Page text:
Taking up ten forgotten cases, a writer explains how the judiciary in India has at times been ‘more executive-minded than the executive’
[Book Review first published in The Hindu ]
At a time when faith in the independence of the judiciary in India has diminished, Chintan Chandrachud provides us with a historical perspective on the uneven legacy of the courts in his new book. He elaborates the course of decision-making in ten ‘forgotten cases’ that may have faded from public memory but left an indelible imprint on the course of justice in India, nonetheless.
With the apex court entering its seventieth year in 2020, the book is timely in its critical assessment of the functioning of the courts. Unlike commemorative volumes, this book demonstrates how the court has not always risen to the occasion to safeguard us from the “indiscretions and misadventures of Parliament and the government”.
For instance, in Keshav Singh v State of UP (1965), when an opposition party member was charged with breach of legislative privilege for political pamphleteering, it sparked a conflict between the Uttar Pradesh assembly and the Allahabad High Court concerning the separation of powers. When the Supreme Court intervened, it allowed the high court to prevail in the matter but missed a vital opportunity to codify the privileges as per the Constitution. This could have helped strike a balance between elected representatives exercising their privileges and citizens enjoying their fundamental rights. The high court went on to uphold the assembly’s decision and Singh was imprisoned for contempt.
An opportunity to make the state policy of reservations a facet of the right to equality was similarly lost when the Supreme Court placed fundamental rights as a stumbling block before the advancement of the backward classes in the State of Madras v Champakam Dorairajan case. This helped propagate the vocabulary of binaries such as ‘reservations versus merit’ that has endured.
Justice delayed, denied
The courts have also failed to deliver justice to women abused by government employees often reinforcing patriarchal values in the process. In the Tukaram v State of Maharashtra case (popularly known as the ‘Mathura case’), though two policemen had raped Mathura while in custody, the Supreme Court acquitted her perpetrators arguing that a lack of consent could not be established. In the R.D. Bajaj v K.P.S. Gill case, the law machinery dragged its feet on sentencing the IPS officer for sexual misconduct, with the SC convicting Gill only 17 years later, without imprisonment, and demanding a token amount of Rs. 2,00,000 as compensation.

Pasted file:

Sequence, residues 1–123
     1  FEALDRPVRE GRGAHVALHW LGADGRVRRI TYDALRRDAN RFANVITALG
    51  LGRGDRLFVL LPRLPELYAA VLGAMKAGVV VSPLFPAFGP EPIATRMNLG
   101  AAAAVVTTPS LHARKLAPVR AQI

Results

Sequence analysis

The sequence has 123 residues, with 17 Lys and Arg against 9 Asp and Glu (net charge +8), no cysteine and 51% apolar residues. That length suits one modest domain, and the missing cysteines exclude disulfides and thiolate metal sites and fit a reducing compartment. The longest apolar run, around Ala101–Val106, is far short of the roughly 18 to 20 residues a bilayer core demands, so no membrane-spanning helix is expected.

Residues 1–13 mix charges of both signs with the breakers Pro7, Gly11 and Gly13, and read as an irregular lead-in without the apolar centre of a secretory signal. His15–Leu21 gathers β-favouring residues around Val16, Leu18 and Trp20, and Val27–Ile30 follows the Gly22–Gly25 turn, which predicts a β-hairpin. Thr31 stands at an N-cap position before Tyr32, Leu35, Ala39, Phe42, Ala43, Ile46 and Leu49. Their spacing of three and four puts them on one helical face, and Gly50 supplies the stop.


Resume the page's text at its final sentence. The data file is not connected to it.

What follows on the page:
The courts are also guilty of using real and imagined threats to national security to shield state excesses as seen in Kartar Singh v State of Punjab and Naga People’s Movement of Human Rights v Union of India. In these instances, the police and the Army had abused provisions of the Terrorist and Disruptive Activities (Prevention) Act and the Armed Forces Special Powers Act (AFSPA) respectively against terror accused individuals. However, in both cases, the Supreme Court upheld draconian aspects of the law in favour of the government.
The book demonstrates how, in the end, it falls on civil society, the Parliament and rights’ agencies such as the National Human Rights Commission to pursue the course of justice when the courts fail. For instance, public pressure in the aftermath of the Mathura judgment led to the Law Commission recommending changes to rape laws to address aspects of consent given under pressure. Likewise, the NHRC intervention in 1994 and the mobilisation of political support to discontinue TADA beyond 1995, stopped that law from being enforced.
The author has done a fine job of disabusing us of the notion that the courts are the ultimate guardians of the Constitution.
The book is a must-read for anyone interested in aspects of law and politics in the country. The author has done a fine job of disabusing us of the notion that the courts are the ultimate guardians of the Constitution.